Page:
17 Ohio C.C. (n.s.) 327


Circuit Court of Cuyahoga County.

The Caldwell Piano Company v. The Garfield Realty Company.

Decided, February 14, 1911.

Arbitration — Immaterial Variations From Submission.

An award of arbitrators will not be considered void because not final or responsive to the submission, if all the items in dispute between the parties are embraced in it, with only a few immaterial exceptions, and a time is fixed by the arbitrators for the completion 1 of everything directed by them to be done.

H. W. Bell and Eorr & Lowenthal, for plaintiff in error.

B. E. McKisson, contra.

Henry, J.; Winch, J., and Marvin, J., concur.

This action tried in this court upon appeal from the court of common pleas was there commenced by the Caldwell Piano Company, as lessee, against the Garfield Realty Company, as lessor, for an accounting and injunction.

The plaintiff leased from the defendant the corner store room in the defendant’s block, the Anisfield, located at the corner of East Ninth street and Huron road in the city of Cleveland, for a term of years commencing May 1, 1910. At that date and for some time afterwards the building in question was still unfinished, and on July 12, 1910, the parties entered into a written contract by which the landlord agreed to perform certain items of work, so as to fit the premises for occupation by July 15th, 1910; failing which, the sum of $41 per day was to be forfeited by the landlord to the tenant for each day that the work should remain uncompleted after said date. The landlord also agreed to pay three items of $100, $310 and $115, respectively, for specified extra work performed by the tenant in fitting up said store room. The landlord further agreed to remit all claims for rent up to August 1,1910, and to refund to the tenant *328the sum of $416.17 previously deposited by the tenant as a guaranty. The tenant agreed to pay rent from August 1, 1910, at the rate of $1,250 per month in advance. It was understood that the tenant might meanwhile enter into partial occupancy of the premises, and that its acceptance of keys to said storeroom should not constitute an acceptance under the lease, pending completion of the items of work to be done, a schedule of which was attached to the agreement.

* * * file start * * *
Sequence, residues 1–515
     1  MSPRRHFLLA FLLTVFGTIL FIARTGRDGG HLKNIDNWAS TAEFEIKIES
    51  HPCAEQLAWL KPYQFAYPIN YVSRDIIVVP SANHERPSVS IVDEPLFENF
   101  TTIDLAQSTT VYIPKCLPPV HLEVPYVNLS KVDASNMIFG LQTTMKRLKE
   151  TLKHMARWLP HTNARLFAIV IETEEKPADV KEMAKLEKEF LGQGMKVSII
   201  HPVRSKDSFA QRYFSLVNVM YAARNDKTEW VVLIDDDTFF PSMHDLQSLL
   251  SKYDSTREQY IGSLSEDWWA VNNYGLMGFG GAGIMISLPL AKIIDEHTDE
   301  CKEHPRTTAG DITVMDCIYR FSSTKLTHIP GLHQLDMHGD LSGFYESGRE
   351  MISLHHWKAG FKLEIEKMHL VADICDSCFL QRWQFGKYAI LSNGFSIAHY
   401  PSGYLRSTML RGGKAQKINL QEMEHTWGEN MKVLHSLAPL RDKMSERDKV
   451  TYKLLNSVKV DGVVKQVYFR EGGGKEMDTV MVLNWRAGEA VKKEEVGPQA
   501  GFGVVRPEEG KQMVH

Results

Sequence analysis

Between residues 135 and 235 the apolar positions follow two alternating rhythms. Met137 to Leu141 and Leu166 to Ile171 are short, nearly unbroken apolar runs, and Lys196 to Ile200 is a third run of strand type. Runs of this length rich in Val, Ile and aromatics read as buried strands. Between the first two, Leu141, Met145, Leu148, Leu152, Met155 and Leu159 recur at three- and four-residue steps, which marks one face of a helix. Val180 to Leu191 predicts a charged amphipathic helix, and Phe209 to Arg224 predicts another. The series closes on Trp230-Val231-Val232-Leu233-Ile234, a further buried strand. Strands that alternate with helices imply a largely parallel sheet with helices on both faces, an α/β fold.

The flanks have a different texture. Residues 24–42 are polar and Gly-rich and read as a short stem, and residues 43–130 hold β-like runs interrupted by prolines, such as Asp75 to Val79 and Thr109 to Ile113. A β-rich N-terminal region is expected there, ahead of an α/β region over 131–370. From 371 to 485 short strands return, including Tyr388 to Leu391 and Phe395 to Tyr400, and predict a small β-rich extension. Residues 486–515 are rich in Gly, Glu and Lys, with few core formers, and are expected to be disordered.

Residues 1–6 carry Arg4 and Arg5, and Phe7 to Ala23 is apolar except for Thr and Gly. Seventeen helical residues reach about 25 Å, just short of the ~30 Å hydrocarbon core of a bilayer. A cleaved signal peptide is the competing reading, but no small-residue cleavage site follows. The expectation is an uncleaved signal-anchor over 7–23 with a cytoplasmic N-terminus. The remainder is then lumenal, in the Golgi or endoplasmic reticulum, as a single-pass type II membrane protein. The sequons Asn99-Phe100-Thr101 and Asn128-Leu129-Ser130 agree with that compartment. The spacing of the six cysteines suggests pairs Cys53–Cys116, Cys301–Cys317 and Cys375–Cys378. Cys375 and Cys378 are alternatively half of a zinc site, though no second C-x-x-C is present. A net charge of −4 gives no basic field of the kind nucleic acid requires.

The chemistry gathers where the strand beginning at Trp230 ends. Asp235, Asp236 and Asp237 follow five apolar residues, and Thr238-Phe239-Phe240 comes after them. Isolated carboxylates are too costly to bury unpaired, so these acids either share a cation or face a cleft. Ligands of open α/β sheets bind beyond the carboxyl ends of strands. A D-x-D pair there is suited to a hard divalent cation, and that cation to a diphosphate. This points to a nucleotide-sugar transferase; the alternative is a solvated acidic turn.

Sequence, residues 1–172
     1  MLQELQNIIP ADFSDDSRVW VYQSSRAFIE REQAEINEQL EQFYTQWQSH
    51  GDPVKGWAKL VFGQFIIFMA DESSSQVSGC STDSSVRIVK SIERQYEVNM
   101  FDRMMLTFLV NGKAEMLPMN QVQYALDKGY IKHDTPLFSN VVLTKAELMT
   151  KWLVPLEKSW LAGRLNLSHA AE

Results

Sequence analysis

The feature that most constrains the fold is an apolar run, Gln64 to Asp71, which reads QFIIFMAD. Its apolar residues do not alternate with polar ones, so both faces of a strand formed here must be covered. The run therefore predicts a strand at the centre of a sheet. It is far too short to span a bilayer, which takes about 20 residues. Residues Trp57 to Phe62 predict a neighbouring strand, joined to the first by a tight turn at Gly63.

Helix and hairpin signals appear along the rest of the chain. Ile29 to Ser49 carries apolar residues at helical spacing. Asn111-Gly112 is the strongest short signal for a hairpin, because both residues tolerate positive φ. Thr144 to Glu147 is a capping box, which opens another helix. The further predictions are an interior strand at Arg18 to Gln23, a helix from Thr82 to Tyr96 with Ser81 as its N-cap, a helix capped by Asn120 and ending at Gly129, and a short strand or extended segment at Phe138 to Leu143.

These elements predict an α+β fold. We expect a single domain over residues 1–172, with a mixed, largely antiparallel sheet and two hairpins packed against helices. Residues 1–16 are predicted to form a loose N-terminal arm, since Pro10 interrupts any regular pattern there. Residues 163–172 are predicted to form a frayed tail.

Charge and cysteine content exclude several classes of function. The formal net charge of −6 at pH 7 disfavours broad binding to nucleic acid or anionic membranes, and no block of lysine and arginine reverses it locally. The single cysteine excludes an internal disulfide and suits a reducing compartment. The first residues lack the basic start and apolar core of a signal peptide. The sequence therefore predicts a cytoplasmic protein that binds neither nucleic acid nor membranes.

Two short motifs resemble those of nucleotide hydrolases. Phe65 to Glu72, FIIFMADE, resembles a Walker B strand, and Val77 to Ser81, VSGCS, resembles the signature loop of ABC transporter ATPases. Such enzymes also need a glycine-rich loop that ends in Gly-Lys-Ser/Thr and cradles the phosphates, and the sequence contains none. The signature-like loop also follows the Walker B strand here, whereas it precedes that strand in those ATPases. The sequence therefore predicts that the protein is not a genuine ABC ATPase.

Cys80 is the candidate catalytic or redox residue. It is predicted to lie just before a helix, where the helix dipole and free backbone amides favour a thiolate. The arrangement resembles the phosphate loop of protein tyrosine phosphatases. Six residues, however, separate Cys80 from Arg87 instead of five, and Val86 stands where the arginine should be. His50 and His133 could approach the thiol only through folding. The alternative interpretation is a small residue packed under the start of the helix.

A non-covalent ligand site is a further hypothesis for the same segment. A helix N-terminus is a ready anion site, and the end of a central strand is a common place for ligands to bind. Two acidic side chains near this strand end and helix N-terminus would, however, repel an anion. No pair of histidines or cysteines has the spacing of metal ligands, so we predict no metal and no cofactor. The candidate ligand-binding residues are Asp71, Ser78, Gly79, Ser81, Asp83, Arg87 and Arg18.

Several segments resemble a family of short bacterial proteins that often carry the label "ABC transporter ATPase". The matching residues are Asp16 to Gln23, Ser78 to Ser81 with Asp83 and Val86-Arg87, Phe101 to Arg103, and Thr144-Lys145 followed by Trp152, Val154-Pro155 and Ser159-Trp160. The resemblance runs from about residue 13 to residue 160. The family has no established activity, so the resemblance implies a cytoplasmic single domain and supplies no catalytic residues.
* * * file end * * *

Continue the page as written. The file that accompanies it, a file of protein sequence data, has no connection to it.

On the following day the parties appointed H. C. Robinson and W. W. Davies “as referees to superintend and determine the manner of finishing the improvements under said agreement; also the amount of rebate, if any, to - be allowed under said agreement, and in all questions pertaining to the final adjustment of the lease now existing between” the parties. They, on their part, agreed to abide by the decision of these arbitrators.

Messrs. Robinson and Davies accepted this commission, and on August 5, 1910, rendered the following decision:

“In reference to the contract between the Garfield Realty Company and the Caldwell Piano Company, dated July 12, 1910, under the terms of which we are to act as arbitrators, it is our' conclusion as such arbitrators, that the interior of the premises in question became tenantable July 27*h, 1910, and therefore the Caldwell Piano Company is entitled to a rebate from the Garfield Realty Company of four hundred and ninety-two dollars ($492), (twelve days at $41 per day) as per the conditions of said contract.
“We also concluded that the Garfield Realty Company is obliged to make such connections to the heating system in said premises as are necessary in order to furnish the Caldwell Piano Company with heat throughout the entire year. It is also obligated to repair the sidewalk lights in such a manner that same will be free at all times from leakage of tar and water. This work of changing the heating system and repairing the sidewalk lights shall be done within a reasonable time after the demand of the Caldwell Piano Company.
“Our attention has been called to the unsafe condition of the glass store front facing East 9th street. It is our conclusion that this front ought to be put in a safe condition and at the expense of the Garfield Realty Company. The plans have been prepared by Mr. Wolf, architect .for the Caldwell Piano Company, showing how the front can be repaired to put same in a safe condition and at the same time strengthen the frame work *329of the front sufficiently to support an awning. These plans portraying the change have been O.K.d by Mr. Caldwell on behalf of the Caldwell Piano Company for the purpose of indicating to us that if the changes proposed, as set forth in the said plans, are made, the same will be satisfactory to the Caldweil Piano Company. We are also in receipt of a communication from John Anisfield, representing the Garfield Realty Company, authorizing us to employ Geo. A. Rutherford & Company to make said changes in accordance with said plans at his expense. As such ’ arbitrators we have authorized Rutherford & Company to make the proposed changes and have their agreement that said work will be completed on the evening of Tuesday, August 9th, 1910. We further conclude that if said work of changing said front is not completed on the evening of- Tuesday, August 9th, 1910, then the Caldwell Piano Company shall be entitled to a rebate from the Garfield Realty Company of twenty-five dollars ($25) per day for every day from and after said time that said alterations remain unfinished.”